ALBUQUERQUE, New Mexico – More than 500 attended the 13th Women Are Sacred Conference (WAS), one of the oldest and largest gatherings of advocates dedicated to ending violence against American Indian and Alaska Native women and children, held this week at the Hotel Albuquerque at Old Town. The conference, presented by the National Indigenous Women’s Resource Center (NIWRC), featured voices from across the country, including advocates, survivors of violence, law enforcement and court personnel, tribal leaders, as well as tribal youth.
This year’s WAS conference theme was: “Resilience: Walking in Ancestral Footprints, Carrying our Medicine.” This theme speaks to who we are as Indigenous peoples and our journey towards rebuilding our communities in a way that honors our ancestors’ sacrifices, hope and love for our traditions and people. It speaks to the many different traditions and nations we come from, what was taken from us, and how we can rebuild the fire from the embers that are still glowing. We have survived through our cultural strength, resilience and the Indigenous knowledge that we carry with us into the future – our ancestor’s medicine. As Indigenous people, we come from deep roots, and we need to nurture those roots in our movement to create social change and end violence across all our relations. With deep roots we cannot be washed away.
WAS is one of the oldest and largest gatherings of advocates, survivors, tribal domestic and sexual violence programs, community members, tribal leadership, law enforcement and tribal court personnel dedicated to ensuring the safety and protection of Native women and children. Presenters include emerging Indigenous leaders and experts in the movement to ending violence in recognizing that Native people are best able to address violence in our communities–“Carry Our Own Medicine.” Sessions offer training opportunities to help increase the capacity of tribal nations and tribal domestic violence and community-based programs to address violence in their communities, as well as address safety issues and provide resources for victims and survivors of domestic violence, sexual assault, sex trafficking, and missing and murdered Indigenous women.
Updates on national policies and national issues included – the Violence Against Women Act, Victims of Crime Act, Tribal Law and Order Act, Savannah’s Act, and more. Safety for Native women is vital in the national conversation due to the disproportionate rates of domestic violence, sexual assault and other forms of gender-based violence that occur at alarmingly high rates. According to the National Institute of Justice reported more than 4 in 5 American Indian and Alaska Native women (84.3%) have experienced violence in their lifetime, including:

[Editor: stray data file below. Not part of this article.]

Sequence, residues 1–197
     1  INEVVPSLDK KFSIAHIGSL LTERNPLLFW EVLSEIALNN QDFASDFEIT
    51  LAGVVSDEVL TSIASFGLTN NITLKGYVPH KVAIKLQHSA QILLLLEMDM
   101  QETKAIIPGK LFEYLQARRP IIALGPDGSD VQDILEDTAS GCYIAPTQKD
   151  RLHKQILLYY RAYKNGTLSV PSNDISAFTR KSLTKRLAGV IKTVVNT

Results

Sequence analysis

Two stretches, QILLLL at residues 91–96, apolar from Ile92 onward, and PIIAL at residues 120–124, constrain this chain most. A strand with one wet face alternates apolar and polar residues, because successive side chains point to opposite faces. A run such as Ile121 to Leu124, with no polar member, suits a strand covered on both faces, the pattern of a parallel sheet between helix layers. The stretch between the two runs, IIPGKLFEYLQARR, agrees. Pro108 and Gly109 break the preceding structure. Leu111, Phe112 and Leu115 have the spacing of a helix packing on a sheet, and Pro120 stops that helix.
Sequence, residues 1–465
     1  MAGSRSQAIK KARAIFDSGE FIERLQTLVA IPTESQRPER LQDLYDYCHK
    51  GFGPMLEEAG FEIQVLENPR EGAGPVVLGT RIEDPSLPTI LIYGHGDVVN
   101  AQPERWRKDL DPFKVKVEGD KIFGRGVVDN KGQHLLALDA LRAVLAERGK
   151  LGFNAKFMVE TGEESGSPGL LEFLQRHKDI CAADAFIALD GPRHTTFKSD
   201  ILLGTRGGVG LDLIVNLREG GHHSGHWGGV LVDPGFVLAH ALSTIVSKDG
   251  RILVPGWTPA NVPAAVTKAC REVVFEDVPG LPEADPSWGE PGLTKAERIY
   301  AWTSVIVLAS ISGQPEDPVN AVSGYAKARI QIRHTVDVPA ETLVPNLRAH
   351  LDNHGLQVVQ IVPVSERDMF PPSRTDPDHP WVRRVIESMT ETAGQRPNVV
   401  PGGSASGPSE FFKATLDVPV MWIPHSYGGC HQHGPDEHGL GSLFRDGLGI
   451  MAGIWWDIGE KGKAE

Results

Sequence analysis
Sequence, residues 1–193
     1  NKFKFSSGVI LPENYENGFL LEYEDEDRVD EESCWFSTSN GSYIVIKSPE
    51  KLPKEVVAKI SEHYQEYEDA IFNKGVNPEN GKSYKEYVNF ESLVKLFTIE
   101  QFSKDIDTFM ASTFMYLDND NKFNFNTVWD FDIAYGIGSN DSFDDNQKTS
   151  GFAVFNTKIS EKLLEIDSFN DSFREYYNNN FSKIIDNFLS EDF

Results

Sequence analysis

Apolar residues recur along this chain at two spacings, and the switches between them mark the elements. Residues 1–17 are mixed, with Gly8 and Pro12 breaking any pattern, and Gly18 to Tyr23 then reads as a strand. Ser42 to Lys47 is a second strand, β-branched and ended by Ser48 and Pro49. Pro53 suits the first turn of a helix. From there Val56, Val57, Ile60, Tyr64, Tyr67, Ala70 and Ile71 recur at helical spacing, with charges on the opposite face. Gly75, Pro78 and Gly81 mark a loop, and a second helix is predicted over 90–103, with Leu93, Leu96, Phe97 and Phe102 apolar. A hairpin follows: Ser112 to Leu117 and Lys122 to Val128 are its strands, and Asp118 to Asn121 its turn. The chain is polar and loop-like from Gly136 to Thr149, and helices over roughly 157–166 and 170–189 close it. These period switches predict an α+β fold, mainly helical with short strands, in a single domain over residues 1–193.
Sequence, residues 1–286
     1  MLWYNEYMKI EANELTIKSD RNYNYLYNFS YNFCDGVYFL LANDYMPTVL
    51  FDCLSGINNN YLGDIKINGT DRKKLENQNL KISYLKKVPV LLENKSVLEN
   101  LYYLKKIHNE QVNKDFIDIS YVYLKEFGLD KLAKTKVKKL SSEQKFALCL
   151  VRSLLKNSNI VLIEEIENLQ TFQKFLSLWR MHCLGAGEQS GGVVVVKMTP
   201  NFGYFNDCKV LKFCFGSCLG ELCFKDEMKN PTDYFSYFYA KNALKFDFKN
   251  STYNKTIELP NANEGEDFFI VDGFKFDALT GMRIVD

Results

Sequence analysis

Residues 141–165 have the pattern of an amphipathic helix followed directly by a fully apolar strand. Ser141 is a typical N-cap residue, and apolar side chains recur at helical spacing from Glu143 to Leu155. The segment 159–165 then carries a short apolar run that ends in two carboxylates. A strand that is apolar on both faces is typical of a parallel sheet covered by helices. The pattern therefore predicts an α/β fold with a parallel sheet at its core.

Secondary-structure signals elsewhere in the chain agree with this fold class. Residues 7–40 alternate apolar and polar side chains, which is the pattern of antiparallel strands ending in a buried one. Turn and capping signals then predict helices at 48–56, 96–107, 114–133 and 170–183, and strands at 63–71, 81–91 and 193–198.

- 1% who have experienced sexual violence.
- 5% who have experienced physical violence by an intimate partner.
- 4% who have experienced stalking.
- 4% who have experienced psychological aggression by an intimate partner.
Conference co-sponsors include the StrongHearts Native Helpline, Coalition to Stop Violence Against Native Women, Mending the Sacred Hoop, National Congress of American Indians, National Center of Juvenile and Family Court Judges, Indian Law Resource Center, Alaska Native Women’s Resource Center, Bureau of Indian Affairs Victim Assistance Program, Minnesota Indian Women’s Sexual Assault Coalition, Tewa Women United, Americans for Indian Opportunity, Tribal Law & Policy Institute, American Indian Development Association, Pouhana ‘O Na Wahine and the Hispano Chamber of Commerce.
Conference Highlights, by day:
Tuesday, June 26th: Conference attendees were encouraged to wear their traditional clothing to celebrate Indigenous roots and culture. Keynote speaker Taylor Sheridan, Writer and Director of the feature film Wind River, spoke during the opening session. Sheridan is an Academy Award-nominated screenwriter, Taylor Sheridan is currently writing, directing, and executive producing the upcoming series “Yellowstone” for the newly launched Paramount Network. A frontier family drama set on the largest contiguous ranch in the U.S., the project stars Kevin Costner, Josh Lucas, Luke Grimes, Gil Birmingham, and Kelly Reilly and will premiere on June 20, 2018. The Acoma Pueblo Traditional Dance was featured in the evening.
Wednesday, June 27th: Conference attendees were encouraged to wear red in remembrance and to promote awareness of missing and murdered Indigenous women and girls across the United States. The NIWRC policy team has been working to ensure permanent designation of May 5th as a National Day of Awareness for Missing and Murdered Indigenous Women and Girls (MMIW). To help shed light on MMIWG, a local Albuquerque organizing collective of Indigenous Women is created an exhibit called “Missing & Murdered Indigenous Women Earring Project.” All Things Feminine Powwow will took place in the evening starting at 7:00 – 10:00pm.
Thursday, June 28th: Conference attendees were encouraged to wear purple to support and raise awareness of domestic violence in tribal communities. Often victims don’t report the abuse because often there are no resources or access to services and speaking up can mean getting a loved one in trouble, challenging a powerful family, or having to endure victim blaming and shaming, and not being believed. We must work collectively to stop domestic violence – all forms of violence – in our communities.
WATCH: NIWRC YouTube page for three videos produced at Women Are Sacred; #WomenAreSacred Storytelling Session, #TeamLove Youth at Women Are Sacred Conference and #TeamReal Youth at Women Are Sacred Conference.